Attempts to resolve the conflicts between local communal elites and the Joint brought about the development of several organizational patterns (or models). In some cases Ukrainian Jewish municipal communities became formal founders of the Chesed centers in their respective cities. In this case the leader of a local community often became the Chesed director in many of the small towns, or the Chesed chairman of the board, in the larger towns. In other cases, the Joint preferred its own participation among the founders, and/or began combined funding with private persons (as it was in the city of Sumy). Finally, small local organizations which had never or almost never before been involved in social work were often invited to become founders (Chernovtsy). Gradually, due to the above-described tendencies and for other reasons, conflicts emerged between community leaders and local Joint representatives (i.e., in Kiev, Simferopol, Kharkov, Sumy, Poltava, Berdyansk).
In general, the results of a six-year competition between local and foreign structures in the sphere of Jewish social services are obvious. The Chesed system was created and now includes about 120 city and provincial centers in the CIS, more than half (62) in Ukraine alone.17 In August 1999, their clients in Ukraine numbered approximately 100,000. The general budget (not including internal fundraising) in the Chesed system in 2000 was about $20 million.18 Each of the Chesed centers offers from 10 to 20 programs, including material aid, cultural, medical and other programs, as well as programs to ease the social isolation of the elderly. In contrast, the Magen Avot organization has diminished in size, now serving only 5,000 people. However, the competition between the systems continues.
Controlled Community: The Chesed System on the Threshold of a New Century
No one who comes across the work of the Chesed centers can remain indifferent to what can be seen there. Its professional level, as well as the number and quality of its programs, impresses even professionals. Due to Chesed, tens of thousands of people were rescued from starvation. They now receive medical, technical and other kinds of support, and they so longer feel alone. Even those leaders of community structures whose relations with the Joint are not simple (including this author) must give credit to the Joint for providing social services to the Jews of Ukraine through the establishment of the Chesed centers.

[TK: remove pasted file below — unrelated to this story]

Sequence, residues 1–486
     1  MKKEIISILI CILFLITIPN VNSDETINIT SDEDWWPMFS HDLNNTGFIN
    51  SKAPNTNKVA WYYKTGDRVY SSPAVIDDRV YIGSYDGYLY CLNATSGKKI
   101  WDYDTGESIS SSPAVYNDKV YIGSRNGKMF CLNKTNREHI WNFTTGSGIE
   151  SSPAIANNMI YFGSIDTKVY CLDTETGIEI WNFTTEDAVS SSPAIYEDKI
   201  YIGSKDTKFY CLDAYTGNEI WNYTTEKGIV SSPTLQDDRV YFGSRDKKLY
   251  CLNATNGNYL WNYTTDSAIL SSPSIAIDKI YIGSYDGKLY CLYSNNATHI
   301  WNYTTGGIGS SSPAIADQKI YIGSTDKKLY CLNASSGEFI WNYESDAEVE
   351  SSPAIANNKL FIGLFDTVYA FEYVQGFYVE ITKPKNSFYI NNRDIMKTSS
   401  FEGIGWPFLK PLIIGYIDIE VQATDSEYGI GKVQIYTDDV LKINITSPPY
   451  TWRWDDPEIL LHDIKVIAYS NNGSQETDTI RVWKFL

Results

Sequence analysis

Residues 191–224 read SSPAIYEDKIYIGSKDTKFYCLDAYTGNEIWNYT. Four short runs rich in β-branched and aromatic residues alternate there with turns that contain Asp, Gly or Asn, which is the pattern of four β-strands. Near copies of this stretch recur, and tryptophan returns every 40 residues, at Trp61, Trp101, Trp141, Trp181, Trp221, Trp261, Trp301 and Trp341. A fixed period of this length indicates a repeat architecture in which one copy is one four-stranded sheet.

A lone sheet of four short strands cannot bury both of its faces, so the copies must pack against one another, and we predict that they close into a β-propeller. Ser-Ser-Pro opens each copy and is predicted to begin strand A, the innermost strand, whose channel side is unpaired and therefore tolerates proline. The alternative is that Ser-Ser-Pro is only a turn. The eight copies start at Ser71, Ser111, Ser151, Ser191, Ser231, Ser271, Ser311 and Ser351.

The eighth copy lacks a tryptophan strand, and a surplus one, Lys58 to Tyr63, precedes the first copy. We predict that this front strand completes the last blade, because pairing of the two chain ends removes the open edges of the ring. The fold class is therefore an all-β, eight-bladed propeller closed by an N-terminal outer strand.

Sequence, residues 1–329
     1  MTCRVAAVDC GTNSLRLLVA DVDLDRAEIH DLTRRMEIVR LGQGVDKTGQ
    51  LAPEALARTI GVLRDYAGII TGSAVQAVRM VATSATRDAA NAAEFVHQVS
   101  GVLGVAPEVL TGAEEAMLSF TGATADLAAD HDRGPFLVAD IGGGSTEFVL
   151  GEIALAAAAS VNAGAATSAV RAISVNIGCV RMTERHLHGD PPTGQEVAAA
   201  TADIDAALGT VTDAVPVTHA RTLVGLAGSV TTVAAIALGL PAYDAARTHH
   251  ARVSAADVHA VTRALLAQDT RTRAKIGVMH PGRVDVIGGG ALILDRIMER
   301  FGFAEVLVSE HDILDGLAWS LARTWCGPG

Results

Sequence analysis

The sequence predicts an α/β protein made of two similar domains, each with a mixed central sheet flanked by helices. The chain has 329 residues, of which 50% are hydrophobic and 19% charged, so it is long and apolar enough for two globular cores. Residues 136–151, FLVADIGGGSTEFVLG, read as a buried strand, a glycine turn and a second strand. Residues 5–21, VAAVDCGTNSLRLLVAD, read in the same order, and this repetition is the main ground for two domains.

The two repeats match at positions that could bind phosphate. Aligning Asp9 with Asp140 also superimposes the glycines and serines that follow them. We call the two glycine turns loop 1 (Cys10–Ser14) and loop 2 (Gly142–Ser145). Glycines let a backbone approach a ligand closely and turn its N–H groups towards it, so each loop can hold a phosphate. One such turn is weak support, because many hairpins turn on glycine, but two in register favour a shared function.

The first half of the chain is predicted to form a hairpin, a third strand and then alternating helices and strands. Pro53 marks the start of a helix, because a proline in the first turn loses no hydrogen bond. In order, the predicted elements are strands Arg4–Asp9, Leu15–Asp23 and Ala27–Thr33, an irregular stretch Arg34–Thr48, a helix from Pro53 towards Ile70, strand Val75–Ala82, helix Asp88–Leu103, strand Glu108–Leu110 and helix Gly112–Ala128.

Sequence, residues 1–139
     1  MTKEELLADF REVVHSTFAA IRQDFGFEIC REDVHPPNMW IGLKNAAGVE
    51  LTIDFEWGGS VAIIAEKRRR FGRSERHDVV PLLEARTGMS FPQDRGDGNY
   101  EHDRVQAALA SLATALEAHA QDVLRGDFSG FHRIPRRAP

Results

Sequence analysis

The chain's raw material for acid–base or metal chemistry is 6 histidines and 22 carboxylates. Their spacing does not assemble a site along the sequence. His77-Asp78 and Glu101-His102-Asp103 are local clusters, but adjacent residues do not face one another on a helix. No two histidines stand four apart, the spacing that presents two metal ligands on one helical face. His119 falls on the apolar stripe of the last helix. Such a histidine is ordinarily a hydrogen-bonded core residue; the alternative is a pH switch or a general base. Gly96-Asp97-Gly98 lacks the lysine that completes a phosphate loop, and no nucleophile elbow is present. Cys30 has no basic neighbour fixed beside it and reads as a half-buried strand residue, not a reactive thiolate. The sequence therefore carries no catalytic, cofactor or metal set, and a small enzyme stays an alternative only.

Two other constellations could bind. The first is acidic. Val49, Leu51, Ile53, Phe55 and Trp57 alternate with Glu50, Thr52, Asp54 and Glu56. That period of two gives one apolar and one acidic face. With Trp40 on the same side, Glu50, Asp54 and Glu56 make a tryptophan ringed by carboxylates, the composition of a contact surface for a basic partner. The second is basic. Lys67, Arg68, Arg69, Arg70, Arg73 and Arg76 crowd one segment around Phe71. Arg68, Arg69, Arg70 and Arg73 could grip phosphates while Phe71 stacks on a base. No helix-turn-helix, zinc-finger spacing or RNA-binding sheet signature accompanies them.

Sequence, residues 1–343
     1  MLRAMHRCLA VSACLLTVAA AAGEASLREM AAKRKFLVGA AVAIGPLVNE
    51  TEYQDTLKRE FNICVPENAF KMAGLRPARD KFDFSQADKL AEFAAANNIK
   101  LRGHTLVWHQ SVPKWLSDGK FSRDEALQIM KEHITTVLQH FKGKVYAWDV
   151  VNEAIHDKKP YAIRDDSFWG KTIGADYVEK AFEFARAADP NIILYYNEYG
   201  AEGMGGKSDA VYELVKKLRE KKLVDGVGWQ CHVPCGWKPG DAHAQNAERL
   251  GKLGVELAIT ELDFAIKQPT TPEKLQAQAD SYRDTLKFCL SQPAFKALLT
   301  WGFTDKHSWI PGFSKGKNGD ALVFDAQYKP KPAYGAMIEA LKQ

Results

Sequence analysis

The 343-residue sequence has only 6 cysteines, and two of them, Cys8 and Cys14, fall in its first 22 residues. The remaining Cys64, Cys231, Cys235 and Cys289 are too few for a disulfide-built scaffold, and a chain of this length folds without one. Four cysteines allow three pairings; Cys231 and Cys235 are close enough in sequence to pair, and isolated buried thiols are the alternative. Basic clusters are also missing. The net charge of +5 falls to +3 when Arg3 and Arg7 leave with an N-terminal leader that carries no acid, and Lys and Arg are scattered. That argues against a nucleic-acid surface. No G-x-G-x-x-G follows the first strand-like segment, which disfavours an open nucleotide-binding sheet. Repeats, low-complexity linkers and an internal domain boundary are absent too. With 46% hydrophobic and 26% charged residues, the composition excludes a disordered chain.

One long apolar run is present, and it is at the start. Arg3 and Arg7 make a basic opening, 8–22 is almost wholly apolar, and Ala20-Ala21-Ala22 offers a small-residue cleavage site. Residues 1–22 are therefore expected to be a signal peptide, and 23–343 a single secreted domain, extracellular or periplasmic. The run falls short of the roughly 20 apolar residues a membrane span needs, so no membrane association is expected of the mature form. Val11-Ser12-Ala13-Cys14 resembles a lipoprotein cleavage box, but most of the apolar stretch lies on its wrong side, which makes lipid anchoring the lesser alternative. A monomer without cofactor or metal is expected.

Numerical Indicators of the Chesed System
Qualitative estimation of the Chesed system’s activities in Ukraine became possible due to questionnaires distributed by this author. These were filled out by representatives of the majority of Chesed centers who were participants in the meeting of the Coordination Council of Chesed-Ukraine, which took place in August 1999 in Sevastopol, and February 2001 in Odessa. During analysis of the data, which included additional information from various sources,19 a number of factors had to be faced.
Firstly, the Chesed system is developing in a very dynamic manner, thus causing much data to become outdated. Secondly, the directors of Chesed mainly work with elderly people, so they see communities from the viewpoint of a social protection body. They generally do not see the able-bodied Jewish population that never turns to Chesed for help, or children and teenagers. Thirdly, in addition, there is a subconscious, and sometimes even a conscious, tendency to exaggerate the number of Jews in their community. Finally, due to corporate interests, not all Chesed directors were ready to share internal information on their services. However, the data that we were able to obtain appears to correspond with reality.
Ukrainian Jewry is currently served by more than 60 Chesed centers. According to the evaluation of their managers, the Jewish population in Ukraine, which meets the criteria of the Israeli Law of Return (i.e., ethnic Jews, their children, grandchildren, as well as other family members with no regard to their ethnic origin), is around 440,000 persons. This calculation approximately corresponds to other existing evaluations of the Jewish community of Ukraine. The number of clients of the Chesed system in mid-2001 was 106,596.
There are three types of Ukrainian areas, identified by the characteristics of their Jewish population. This identification was accomplished by looking at the number of Jews in these Ukrainian regions, which vary between 830 in Ternopol and 90,000 in Kiev, and the number of clients of Chesed (from 320 to 16,500, respectively).
The first group includes Vinnitsa, Zhitomir, Trans-Carpathia, Ivano-Frankovsk, Lvov, Rovno, Ternopol, Chmelnitski, Cherkassy, and Chernigov regions in central and north-western Ukraine. From a socioeconomic viewpoint, these regions have a high level of unemployment and many businesses are standing idle. Their Jewish population is small as a result of the Holocaust and significant emigration, and is mainly elderly. Consequently, the percentage of Chesed clients here is high – from 37 percent in the Volyn region to 66 percent in the Zhitomir area. This difference may be explained by the fact that in some western regions, Chesed centers opened in recent years, and one cannot exclude the possibility that, with time, the gap will narrow.20